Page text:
Oh, but it's foul outside! Windy and wet, the bare branches of great trees whipping back and forth against a grey sky, rain pelting the windows as if someone were tossing handfuls of pebbles against them.
But it's nice in here, with music playing and a few well-placed cats scattered about the living room to block drafts. Working at home is one of the sweetest privileges the world of work confers, but it's even nice in more usual workplaces today, I have learned in several phone conversations this morning: my daughter is glad to be in her classroom, more so than is usual on a Monday. The dentist's secretary called to confirm, and volunteered how happy she was to be at her desk instead of outside. Mary says she just about blew over wheeling her trashcan back from the curb, and is glad to be back inside.
It is sunny and warm in Port-au-Prince today, as it is most days. Shelter from the rain is not needed today. I suppose this is a blessing, in a place where blessings have been few and far between lately. But a roof over the heads of families with many children and grandparents, uncles, aunts, a safe place to sleep, some food and clean water, a doctor, a place to bury the dead, a moment of privacy in which to absorb the horror of all that has happened -- these are in short supply. The world's attention has been riveted on the tragedy for two weeks now, but that's going to taper off in the next few days. Haiti will no longer be news. No story lasts for very long among us. We have a short attention span.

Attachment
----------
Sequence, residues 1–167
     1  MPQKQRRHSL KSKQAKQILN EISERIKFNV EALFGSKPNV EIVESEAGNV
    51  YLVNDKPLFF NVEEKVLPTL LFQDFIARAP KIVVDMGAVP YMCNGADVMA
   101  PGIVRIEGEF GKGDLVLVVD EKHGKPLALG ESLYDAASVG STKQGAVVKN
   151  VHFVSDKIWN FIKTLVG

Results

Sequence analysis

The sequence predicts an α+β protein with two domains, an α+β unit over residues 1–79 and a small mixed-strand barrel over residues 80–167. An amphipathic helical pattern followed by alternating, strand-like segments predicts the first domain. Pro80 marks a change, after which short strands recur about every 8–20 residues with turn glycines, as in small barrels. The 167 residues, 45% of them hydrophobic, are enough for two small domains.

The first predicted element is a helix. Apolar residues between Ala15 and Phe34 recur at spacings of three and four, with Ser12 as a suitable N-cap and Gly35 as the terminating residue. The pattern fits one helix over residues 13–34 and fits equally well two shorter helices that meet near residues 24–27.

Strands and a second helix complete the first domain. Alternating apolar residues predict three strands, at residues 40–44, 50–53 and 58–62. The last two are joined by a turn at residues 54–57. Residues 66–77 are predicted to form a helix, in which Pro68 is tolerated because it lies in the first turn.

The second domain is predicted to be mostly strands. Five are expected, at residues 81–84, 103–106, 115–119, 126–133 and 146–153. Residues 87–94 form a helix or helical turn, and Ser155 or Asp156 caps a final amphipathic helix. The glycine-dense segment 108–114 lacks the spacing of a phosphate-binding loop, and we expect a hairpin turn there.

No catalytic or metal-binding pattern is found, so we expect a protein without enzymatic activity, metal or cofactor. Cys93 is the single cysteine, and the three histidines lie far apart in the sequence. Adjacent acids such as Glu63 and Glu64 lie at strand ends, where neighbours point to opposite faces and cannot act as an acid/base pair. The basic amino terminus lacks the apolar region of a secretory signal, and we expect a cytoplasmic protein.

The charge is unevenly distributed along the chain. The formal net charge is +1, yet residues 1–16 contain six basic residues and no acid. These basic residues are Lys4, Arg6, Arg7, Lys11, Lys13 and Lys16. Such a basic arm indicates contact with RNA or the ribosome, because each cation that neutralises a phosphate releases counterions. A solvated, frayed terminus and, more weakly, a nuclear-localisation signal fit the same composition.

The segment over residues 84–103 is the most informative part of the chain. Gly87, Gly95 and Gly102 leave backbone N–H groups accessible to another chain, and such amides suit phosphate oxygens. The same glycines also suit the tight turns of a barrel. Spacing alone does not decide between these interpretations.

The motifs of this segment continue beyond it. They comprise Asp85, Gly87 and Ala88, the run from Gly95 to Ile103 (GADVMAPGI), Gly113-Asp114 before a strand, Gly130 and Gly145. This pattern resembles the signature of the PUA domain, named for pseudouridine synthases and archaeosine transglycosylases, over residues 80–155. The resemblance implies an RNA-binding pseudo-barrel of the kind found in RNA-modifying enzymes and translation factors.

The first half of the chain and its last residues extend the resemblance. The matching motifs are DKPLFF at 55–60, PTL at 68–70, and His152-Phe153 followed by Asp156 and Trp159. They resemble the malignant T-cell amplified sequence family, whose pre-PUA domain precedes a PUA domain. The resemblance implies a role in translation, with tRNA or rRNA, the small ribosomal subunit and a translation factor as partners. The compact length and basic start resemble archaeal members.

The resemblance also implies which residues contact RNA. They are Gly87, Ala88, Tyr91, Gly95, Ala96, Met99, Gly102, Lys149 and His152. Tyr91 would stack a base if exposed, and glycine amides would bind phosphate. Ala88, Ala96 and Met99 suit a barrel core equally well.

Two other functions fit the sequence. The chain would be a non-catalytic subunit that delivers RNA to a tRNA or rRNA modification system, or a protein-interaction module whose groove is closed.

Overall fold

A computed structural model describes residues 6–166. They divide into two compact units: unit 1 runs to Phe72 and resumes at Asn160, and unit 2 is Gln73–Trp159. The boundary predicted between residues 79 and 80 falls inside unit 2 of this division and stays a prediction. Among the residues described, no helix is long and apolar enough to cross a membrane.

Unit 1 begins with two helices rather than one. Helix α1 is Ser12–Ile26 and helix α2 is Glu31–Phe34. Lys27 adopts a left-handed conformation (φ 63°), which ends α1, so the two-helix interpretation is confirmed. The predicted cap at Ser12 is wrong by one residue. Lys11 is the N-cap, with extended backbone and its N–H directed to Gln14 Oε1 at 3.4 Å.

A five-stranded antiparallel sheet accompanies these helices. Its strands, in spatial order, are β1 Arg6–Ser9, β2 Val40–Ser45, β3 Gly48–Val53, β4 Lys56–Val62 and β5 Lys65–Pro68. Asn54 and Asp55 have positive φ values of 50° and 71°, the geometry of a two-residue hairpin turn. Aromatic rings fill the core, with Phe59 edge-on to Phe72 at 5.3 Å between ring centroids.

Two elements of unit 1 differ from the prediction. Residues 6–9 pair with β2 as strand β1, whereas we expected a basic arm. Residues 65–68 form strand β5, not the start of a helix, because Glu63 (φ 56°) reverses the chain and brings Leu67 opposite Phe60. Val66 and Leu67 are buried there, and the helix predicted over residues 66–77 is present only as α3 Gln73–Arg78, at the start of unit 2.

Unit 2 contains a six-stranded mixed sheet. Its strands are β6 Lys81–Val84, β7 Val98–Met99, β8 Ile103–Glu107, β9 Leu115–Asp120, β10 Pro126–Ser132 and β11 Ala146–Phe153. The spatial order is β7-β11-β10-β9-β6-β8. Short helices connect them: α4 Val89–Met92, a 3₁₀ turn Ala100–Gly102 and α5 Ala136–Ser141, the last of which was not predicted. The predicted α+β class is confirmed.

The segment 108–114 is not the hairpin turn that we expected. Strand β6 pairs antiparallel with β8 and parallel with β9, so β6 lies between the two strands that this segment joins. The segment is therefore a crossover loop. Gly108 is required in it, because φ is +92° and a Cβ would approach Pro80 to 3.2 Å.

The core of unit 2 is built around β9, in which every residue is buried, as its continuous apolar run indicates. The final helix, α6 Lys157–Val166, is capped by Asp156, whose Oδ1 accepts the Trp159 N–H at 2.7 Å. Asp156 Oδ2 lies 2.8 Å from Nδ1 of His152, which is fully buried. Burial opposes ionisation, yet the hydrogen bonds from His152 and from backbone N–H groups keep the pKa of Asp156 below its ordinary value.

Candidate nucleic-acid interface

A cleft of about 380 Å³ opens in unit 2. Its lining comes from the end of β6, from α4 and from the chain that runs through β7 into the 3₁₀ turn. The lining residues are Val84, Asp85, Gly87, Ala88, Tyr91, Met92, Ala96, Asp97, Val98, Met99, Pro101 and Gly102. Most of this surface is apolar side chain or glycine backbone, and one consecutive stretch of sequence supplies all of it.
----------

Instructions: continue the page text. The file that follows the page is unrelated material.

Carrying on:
But work will continue. It must. It must continue for decades. And the church will keep talking about it, because we must. Somebody has to, so we will. We will add it to the rosary of sorrows for which we work and pray. It was not the world's first tragedy and will not be the last, but it is ours now, as well as theirs.
Bp. Duracin of the Diocese of Haiti and many clergy and laypeople are caring for about 23,000 displaced persons in a football field in the city. You can view a video produced by the Wall Street Journal about our work in this emergency camp at www.er-d.org.